In the Old Testament of the Bible, we find in 2 Samuel 12, David being confronted with moral failure on the grandest scale -using his power and authority to sleep with another man’s wife and then setting that man up so that he is murdered.  By the time Nathan, a character we can gather as a prophet and respected man in Israel, comes to call King David to the carpet, about a year has passed.  If Nathan had kicked in the palace doors, marched up to David’s throne and asked, “Why did you sow contempt for the Lord by doing what displeases Him?” (2 Samuel 12:9), King David may have ordered his imprisonment.  Instead, Nathan comes to King David, tells him a brilliant parable (2 Samuel 12:1-7), and waits for King David to have an emotional reaction which opens to door for him to be called to task for his immoral actions.

 

This excerpt from the Bible, which has everything to do with Israeli history, also has everything to do with humans today.  We do not react positively to any sort of correction, especially if slung on us directly.  The people we listen to are those with whom we have positive relationships and those who have led us to the point of being open to hear a moment of correction.  Teenagers are a primal example of this (primal instead of prime to emphasize the almost neanderthal-like quality with which they can behave sometimes).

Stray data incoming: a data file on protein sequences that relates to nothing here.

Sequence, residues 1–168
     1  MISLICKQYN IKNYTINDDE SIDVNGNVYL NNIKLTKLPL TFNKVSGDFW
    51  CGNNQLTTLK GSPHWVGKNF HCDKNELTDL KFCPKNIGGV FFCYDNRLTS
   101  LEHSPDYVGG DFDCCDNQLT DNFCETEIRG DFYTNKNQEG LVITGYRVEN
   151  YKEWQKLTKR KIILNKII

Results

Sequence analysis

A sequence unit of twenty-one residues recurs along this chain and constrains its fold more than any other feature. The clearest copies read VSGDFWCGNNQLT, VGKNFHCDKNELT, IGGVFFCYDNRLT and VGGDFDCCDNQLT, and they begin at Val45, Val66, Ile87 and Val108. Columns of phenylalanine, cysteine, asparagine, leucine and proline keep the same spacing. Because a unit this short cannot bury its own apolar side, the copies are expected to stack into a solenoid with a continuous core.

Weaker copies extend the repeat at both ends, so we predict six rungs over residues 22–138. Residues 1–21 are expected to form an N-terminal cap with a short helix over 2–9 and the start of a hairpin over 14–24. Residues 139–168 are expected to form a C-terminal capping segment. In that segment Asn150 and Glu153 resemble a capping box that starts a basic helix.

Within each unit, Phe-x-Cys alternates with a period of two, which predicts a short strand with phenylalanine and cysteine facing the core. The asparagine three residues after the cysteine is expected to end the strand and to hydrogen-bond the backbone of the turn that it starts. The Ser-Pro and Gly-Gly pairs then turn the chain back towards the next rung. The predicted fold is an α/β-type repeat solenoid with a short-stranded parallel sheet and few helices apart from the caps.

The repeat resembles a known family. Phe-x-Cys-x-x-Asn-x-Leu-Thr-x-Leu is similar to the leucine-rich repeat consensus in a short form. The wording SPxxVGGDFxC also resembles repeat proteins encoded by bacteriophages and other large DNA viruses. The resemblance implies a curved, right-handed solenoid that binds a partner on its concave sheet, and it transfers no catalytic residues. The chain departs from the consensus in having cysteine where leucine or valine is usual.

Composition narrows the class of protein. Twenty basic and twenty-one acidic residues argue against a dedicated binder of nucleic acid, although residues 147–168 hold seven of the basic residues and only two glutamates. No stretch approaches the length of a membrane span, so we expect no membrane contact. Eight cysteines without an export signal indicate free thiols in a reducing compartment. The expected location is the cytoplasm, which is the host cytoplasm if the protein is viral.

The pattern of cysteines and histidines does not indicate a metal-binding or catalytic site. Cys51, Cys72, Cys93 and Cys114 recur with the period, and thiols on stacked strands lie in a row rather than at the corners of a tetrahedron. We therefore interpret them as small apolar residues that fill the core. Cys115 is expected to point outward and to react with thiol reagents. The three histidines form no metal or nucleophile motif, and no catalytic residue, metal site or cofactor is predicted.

As we move forward, let us take every opportunity to approach correction through grace and relationships.  We do not react positively to confrontation as an agent for real change, and others are no different.

 

Tune in next week when we consider what happens when we ask God for something and don’t get it.